Picking a beer at Cooter Brown’s Tavern and Oyster Bar has always required careful consideration, with dozens of local and imported drafts and many more choices in bottles. These days, the new owners of the venerable watering hole are considering that selection especially closely themselves.
Cooter Brown’s, the bar at the elbow of the Riverbend famous for its massive beer selection and late-night oysters, has changed hands.
Founder Larry Berestitzky sold the business recently to a new ownership group that includes Ivan Burgess and David Brown, co-owners of the Warehouse District bar the Rusty Nail, along with Jeff O’Brien and Lee Gold, who are both bartenders at the Rusty Nail.
“We’re excited and also a little overwhelmed by the opportunity,” said Burgess. “I think Cooter’s is one of the places everyone in the city had been to at least once. We’re going to take our time here and respect the history and spirit of this place. We’re not going to turn it into a martini bar or cocktail lounge.”
Cooter Brown’s will keep its name, and Burgress said the bar would remain open through whatever changes they eventually make here.
The first order of business thus far in their tenure has been to start assessing Cooter Brown’s beer selection.
Long before the current craft beer boom, Cooter Brown’s served a Noah’s Ark worth of brew from every corner of the globe.
As the beer scene has changed, with better access to craft beers and vastly more small breweries out there, Burgess and his partners want to align the inventory with the best choices.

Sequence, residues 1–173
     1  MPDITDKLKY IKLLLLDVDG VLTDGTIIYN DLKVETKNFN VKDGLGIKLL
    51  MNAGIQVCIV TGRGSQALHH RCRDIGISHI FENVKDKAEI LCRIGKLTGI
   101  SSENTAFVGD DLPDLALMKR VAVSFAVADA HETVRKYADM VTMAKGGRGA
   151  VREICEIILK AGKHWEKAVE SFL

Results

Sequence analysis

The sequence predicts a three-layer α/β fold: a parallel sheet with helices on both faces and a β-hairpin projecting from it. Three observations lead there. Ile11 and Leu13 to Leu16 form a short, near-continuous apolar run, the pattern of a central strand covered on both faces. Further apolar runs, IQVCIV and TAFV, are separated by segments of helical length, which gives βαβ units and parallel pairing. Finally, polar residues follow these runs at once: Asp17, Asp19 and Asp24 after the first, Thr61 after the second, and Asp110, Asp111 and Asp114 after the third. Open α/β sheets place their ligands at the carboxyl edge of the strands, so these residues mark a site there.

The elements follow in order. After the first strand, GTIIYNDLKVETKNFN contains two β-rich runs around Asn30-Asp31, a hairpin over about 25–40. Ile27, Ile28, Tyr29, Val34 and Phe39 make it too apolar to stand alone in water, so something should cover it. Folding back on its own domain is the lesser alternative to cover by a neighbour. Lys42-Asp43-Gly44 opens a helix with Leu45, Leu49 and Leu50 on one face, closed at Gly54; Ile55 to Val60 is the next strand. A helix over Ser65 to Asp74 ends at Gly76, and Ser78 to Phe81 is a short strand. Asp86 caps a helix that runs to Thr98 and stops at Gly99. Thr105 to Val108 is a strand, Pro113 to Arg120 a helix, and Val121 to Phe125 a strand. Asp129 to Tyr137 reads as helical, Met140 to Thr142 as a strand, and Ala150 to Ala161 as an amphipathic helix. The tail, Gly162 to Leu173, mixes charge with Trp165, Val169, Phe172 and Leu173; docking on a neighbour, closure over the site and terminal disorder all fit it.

“We’re going to cultivate it and make sure we’re serving something because we want that beer, not just because it’s been there a long time,” he said.
Nearly all of the Cooter Brown’s staff stayed through the transition, Burgress said. That includes Vince D’Aquila, the affable oyster shucker known for his cool efficiency while plating up quick dozens on busy nights.
The tavern kitchen continues to serve its lengthy menu of specialty sandwiches and bar snacks.
Cooter Brown’s dates back to 1978, when Berestitzky bought a bar called Hucks and changed the name. It initially had a modest selection of beer reflecting the times, though this grew in stride with the availability of more imports and the return of American craft brewing in the 1980s.
As taps proliferated and row after row of beer coolers lined the walls, it soon found a niche as a beer bastion for New Orleans.
The number of TV screens multiplied, too, giving Cooter’s a following for fans of sports teams whose games weren’t likely to be shown elsewhere.
While forests of beer taps and banks of TV screens are now commonplace at newer bars, Cooter Brown’s also accumulated another sort of collection that remains much more unique.
Dubbed the “Celebrity Hall of Foam and Beersoleum,” this collection takes the form of small caricatured statues of dead celebrities displayed just under the bar’s low ceilings. Each one poses holding a beer with some significance to his or her own legacy or reputation. So, Louis Armstrong holds a bottle of Dixie. “Dracula” star Bela Lugosi displays a beer called Evil Eye. Jimi Hendrix hoists a Purple Haze. And Alfred Hitchcock brandishes a Dead Guy.
On it goes, through some 100 caricatures, puns and inside jokes, all the work of Scott Conary, an artist who once worked in Cooter Brown’s kitchen.
Burgress said that of course the statues will stay.
“Some people have been worried about them,” he said. “They’re not going anywhere, but we might dust them.”
Follow Ian McNulty on Twitter @IanMcNultyNOLA.